Are you a foreign employer, or their agent, wishing to post one or more workers to Belgium on a temporary basis? Are you a foreign employer, or their agent, responsible for workers working part-time in Belgium?
Are you a self-employed person established in another country coming to provide services in Belgium on a part-time or temporary basis?
If so, you need to declare your presence as an independent, or that of your workers before they begin their activities in Belgium.
We will explain how to make this declaration in two simple steps:
In order to make declarations, you need to create your user account. This is a one-off action: you enter your data into Limosa once in order to manage your declarations.
N.B.: the user account must be created using your personal data, not the business details.
What data do you need to create a user account?
- Your email address,
- if you have one: your Belgian social security ID number (NISS),
- if you don't have an NISS, your details:
- surname and first name,
- date of birth,
- home address, and
- your identification number in your country of residence (national number, passport number, social security or social security or pension number),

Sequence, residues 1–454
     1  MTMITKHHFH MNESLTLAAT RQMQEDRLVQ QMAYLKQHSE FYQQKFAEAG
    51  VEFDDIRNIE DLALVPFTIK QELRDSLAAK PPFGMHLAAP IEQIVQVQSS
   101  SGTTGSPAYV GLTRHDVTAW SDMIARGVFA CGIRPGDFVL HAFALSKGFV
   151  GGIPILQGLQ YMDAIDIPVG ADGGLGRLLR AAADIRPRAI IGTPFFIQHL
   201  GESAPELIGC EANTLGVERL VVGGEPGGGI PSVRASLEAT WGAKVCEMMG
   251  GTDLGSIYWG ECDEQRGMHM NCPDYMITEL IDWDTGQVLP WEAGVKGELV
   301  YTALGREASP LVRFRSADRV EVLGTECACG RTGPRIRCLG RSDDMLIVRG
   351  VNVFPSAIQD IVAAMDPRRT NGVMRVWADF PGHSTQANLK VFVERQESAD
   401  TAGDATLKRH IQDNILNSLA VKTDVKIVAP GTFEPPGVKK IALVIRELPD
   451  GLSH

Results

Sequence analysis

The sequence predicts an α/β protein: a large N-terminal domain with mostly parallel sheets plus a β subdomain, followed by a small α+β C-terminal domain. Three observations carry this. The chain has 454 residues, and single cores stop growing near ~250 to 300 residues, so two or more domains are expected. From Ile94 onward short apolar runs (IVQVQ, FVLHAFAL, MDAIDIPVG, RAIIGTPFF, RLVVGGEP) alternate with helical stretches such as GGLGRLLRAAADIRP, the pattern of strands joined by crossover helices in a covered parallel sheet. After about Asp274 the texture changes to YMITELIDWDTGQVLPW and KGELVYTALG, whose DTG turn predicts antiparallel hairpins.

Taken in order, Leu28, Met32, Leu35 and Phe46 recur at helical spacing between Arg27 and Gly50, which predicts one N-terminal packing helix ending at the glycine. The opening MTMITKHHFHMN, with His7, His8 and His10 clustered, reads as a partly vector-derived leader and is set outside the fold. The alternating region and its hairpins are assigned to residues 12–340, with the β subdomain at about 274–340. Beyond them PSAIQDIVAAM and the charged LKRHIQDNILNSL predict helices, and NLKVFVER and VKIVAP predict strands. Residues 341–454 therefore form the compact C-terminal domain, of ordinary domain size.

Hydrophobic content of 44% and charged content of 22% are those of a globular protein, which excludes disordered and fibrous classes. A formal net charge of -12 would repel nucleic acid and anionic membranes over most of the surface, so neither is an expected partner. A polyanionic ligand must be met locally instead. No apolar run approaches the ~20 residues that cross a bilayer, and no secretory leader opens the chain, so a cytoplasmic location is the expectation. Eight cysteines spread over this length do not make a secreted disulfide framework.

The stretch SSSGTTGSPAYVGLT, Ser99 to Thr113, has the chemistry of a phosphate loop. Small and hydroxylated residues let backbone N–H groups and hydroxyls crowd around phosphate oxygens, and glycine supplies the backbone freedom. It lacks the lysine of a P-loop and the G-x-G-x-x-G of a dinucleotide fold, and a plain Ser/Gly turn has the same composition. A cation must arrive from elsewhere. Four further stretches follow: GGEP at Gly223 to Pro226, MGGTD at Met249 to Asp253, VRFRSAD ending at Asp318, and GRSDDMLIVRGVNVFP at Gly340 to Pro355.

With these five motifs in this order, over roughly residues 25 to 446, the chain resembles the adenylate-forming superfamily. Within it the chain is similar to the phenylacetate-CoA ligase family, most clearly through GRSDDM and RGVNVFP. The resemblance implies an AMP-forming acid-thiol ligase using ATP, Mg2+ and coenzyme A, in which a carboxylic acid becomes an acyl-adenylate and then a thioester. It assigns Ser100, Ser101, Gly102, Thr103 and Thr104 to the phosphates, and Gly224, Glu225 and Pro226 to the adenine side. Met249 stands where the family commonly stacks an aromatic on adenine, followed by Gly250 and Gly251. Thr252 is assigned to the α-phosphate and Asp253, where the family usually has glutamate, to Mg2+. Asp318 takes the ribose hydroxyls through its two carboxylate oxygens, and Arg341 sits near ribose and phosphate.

- if you have one: your enterprise number of your NOSS identification number, and
- your fixed or mobile telephone number.
Go to the homepage of the Limosa online service in order to set up your user account.
When you have made an account creation request, you will receive confirmation by email. You have 72 hours to activate the link in the email. You can then make your online declaration.
If you have not been able to activate your account within 72 hours, please get in touch with our Contact Center.
Before undertaking activities in Belgium as an employer, you need to declare the work.
The Limosa online service will allow you to file, extend or cancel declarations.
Apart from the Limosa declaration, there are other obligations you must meet, depending on your situation:
Before arrival in Belgium
Businesses in the construction sector must register any work with the social security authorities. As an entrepreneur, if you sign a construction works contract with the principal (contracting authority) on Belgian soil, you will have to file a declaration of works and check-in employees.
The workers you employ must have travel documents. For citizens from the European Economic Area (EU countries + Norway, Iceland and Liechtenstein) and Switzerland, a national passport or ID card is sufficient.
For citizens of other countries, additional documents, such as a visa, are necessary. This condition depends on the duration of your stay in Belgium, among other things.
Check the website of the Belgian federal public service for Business for more information.
Workers you employ must have a residency permit from the commune of their place of residence.
Check the website of the Immigration Office for more information.